- Expanding disclosures about operational risk management, any key demographic and market assumptions, sensitivities in those assumptions, major sources of estimation uncertainty, and liquidity, market and credit risks.
- Its capital disclosures, especially where there are concerns about the capital position relative to regulatory requirements or implications for debt covenants.
On 20 March, EIOPA stated: “Insurance and reinsurance undertakings should consider the current situation as a “major development” as referred to in Article 54(1) in the Solvency II Directive”. Article 54 states that in the event of any major development affecting significantly the relevance of the information disclosed in the Solvency Financial Condition Report (SFCR), insurance and reinsurance undertakings shall disclose appropriate information on the nature and effects of that major development. Thus, for 31 December 2019 and later year ends (re)insurers will need to consider the impact of COVID-19 on their businesses.
The PRA has followed EIOPA’s recommended flexibility on the timing for the publication of the SFCR in the light of the current crisis. SFCRs can be published up to 8 weeks later than the normal deadline and there is no need to produce a Regular Supervisory Report. The SFCR is all about the strength of the (re)insurers balance sheet and there maybe multiple impacts on the balance sheet post a year end of 31 December or later. The extra time provided by the regulator is to allow firms to enhance their thinking and therefore the disclosures they make.
EIOPA and the UK regulators have all stressed the importance of operational resilience (both of the firma and of its outsourcing partners) in the current crisis for the financial services sector. However, being able to operate will not mean that the business has not changed in terms of its ability to sell products, to pay claims and to predict the nature and extent of future claims.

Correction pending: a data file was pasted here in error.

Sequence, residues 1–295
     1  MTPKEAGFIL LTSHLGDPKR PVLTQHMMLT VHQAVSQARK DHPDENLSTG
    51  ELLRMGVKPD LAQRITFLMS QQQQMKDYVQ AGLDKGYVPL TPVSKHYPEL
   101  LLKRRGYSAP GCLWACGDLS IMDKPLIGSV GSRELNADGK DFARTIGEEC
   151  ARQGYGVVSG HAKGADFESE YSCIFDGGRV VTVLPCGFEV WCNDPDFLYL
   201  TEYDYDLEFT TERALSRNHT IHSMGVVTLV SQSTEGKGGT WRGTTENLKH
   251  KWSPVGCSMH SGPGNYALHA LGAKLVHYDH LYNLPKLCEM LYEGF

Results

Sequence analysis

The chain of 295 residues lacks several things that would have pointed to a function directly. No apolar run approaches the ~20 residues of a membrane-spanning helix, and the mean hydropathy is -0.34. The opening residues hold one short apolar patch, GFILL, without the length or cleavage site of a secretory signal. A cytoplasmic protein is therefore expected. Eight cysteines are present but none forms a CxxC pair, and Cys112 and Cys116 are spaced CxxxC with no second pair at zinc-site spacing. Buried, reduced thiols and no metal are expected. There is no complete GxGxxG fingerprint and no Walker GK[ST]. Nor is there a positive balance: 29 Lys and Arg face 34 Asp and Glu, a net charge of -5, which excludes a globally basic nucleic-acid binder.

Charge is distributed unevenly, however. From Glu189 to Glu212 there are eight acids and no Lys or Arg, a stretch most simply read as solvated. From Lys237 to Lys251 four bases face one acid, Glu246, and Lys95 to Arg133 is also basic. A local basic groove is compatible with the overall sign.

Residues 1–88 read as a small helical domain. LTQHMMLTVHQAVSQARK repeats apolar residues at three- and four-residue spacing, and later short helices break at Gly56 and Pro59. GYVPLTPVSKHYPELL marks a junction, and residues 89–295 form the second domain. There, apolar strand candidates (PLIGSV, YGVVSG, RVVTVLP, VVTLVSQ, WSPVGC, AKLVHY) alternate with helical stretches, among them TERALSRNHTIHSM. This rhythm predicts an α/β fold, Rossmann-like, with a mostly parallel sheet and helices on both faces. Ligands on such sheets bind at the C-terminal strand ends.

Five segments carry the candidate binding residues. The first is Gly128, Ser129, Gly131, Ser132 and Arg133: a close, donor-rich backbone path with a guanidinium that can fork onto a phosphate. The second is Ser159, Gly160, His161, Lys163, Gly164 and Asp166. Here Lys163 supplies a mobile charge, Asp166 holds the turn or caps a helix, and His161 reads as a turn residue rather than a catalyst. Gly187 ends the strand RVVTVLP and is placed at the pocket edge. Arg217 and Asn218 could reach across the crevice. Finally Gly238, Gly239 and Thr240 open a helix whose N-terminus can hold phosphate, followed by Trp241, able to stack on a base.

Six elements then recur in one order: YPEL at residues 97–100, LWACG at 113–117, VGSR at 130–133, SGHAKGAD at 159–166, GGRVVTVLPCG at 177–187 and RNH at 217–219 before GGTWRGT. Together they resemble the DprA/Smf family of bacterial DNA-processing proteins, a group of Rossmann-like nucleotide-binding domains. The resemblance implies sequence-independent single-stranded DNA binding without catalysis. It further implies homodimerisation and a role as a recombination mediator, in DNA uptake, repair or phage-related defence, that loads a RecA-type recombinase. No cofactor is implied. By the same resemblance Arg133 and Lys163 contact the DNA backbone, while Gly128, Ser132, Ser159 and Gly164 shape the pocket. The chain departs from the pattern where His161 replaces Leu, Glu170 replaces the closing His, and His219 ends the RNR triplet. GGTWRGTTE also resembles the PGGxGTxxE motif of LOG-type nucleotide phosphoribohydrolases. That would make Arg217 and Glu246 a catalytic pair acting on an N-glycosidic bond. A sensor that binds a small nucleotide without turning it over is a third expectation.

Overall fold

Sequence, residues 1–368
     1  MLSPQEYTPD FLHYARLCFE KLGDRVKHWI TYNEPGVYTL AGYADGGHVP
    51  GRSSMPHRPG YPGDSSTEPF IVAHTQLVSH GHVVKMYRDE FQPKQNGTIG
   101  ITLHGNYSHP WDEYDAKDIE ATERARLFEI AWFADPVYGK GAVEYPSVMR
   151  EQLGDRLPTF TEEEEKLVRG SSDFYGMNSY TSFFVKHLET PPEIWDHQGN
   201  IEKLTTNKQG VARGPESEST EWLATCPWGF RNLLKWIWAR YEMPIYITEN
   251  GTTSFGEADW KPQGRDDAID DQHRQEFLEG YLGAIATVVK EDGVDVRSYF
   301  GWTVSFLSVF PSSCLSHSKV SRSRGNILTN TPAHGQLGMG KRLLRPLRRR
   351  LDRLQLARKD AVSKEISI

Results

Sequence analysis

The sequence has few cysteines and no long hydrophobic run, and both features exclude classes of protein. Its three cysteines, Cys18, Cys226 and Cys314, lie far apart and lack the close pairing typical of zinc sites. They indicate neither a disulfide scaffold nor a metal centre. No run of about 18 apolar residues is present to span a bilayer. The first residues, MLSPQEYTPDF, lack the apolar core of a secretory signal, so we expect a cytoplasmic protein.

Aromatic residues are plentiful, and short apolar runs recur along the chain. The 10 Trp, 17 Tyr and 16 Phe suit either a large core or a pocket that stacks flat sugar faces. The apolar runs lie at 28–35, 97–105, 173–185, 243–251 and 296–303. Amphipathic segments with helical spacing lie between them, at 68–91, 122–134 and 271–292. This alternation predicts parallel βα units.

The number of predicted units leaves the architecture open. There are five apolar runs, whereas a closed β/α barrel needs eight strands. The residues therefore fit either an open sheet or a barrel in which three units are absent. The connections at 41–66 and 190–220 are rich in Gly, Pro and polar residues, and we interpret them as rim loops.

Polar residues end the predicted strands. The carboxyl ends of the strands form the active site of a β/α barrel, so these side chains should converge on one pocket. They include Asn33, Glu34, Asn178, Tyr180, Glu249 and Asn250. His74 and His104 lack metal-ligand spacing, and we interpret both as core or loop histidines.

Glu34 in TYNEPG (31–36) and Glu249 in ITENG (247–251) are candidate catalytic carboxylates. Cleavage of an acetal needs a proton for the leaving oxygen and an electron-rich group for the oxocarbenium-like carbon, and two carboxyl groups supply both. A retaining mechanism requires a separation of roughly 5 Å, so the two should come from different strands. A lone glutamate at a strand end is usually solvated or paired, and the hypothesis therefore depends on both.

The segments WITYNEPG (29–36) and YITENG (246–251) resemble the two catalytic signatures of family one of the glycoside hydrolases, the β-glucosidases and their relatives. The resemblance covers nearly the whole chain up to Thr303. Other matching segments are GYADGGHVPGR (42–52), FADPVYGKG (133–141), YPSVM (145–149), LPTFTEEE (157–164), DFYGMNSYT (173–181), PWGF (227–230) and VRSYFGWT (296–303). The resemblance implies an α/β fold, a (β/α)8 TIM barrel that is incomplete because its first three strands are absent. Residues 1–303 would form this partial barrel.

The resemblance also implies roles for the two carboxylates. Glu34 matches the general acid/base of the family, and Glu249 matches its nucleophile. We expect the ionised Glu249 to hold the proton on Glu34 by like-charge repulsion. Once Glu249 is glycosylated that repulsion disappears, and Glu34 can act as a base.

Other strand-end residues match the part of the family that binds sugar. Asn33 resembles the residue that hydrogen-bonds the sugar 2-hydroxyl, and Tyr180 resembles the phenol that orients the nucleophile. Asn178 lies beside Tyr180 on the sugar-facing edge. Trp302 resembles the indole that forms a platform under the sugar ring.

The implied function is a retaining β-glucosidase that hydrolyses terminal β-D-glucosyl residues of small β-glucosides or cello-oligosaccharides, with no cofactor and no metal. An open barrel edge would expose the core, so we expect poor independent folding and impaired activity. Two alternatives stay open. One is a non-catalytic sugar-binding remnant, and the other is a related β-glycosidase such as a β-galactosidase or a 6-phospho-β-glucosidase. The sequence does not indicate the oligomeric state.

Over and above the considerations for financial reporting firms and operational resilience firms will need to consider disclosing in their SFCRs:
- The impact of COVID-19 on your particular type of insurance business – differing classes or lines of business may be affected differently - and how the experience to date from the COVID-19 outbreak varies from any existing assumptions about pandemic risk and related mitigation or management.
- The impact on assumptions for, and sensitivities to, the measurement of insurance liabilities. These disclosures should also include consideration of risk concentration, claims development tables and related credit, liquidity and market risk. COVID-19 may increase the level of estimation uncertainty when measuring insurance liabilities. This may require enhanced disclosures and may also affect any disclosures on sensitivity analyses.
- For investment portfolios, insurers should disclose the nature and extent of risks arising from financial instruments and how they manage those risks. This means that insurers will need to explain the significant impacts of COVID-19 on those risks and how they are managing them. Insurers will need to exercise judgement to determine the specific disclosures that are relevant to their business.
- Decreases in asset valuations arising from the COVID-19 outbreak may impact the regulatory capital and solvency calculations and the related disclosures about how the entity manages capital. Disclosures will probably also be required for the non-adjusting COVID-19 events occurring after the reporting date that impact subsequent financial asset or insurance liability measurements.
Carrying out an ORSA re-run including all the relevant stress scenarios but possibly with new COVID-19 driven assumptions as part of the sensitivities and / or scenarios used should also be at the top of any firm’s COVID-19 response as they might (and definitely will at some point) need to satisfy regulators on their future projected capital adequacy margins under very different circumstances to the 2019 ORSA runs.
If you’d like more information about how to respond to COVID-19, please contact Alex Barnes or Charles Portsmouth.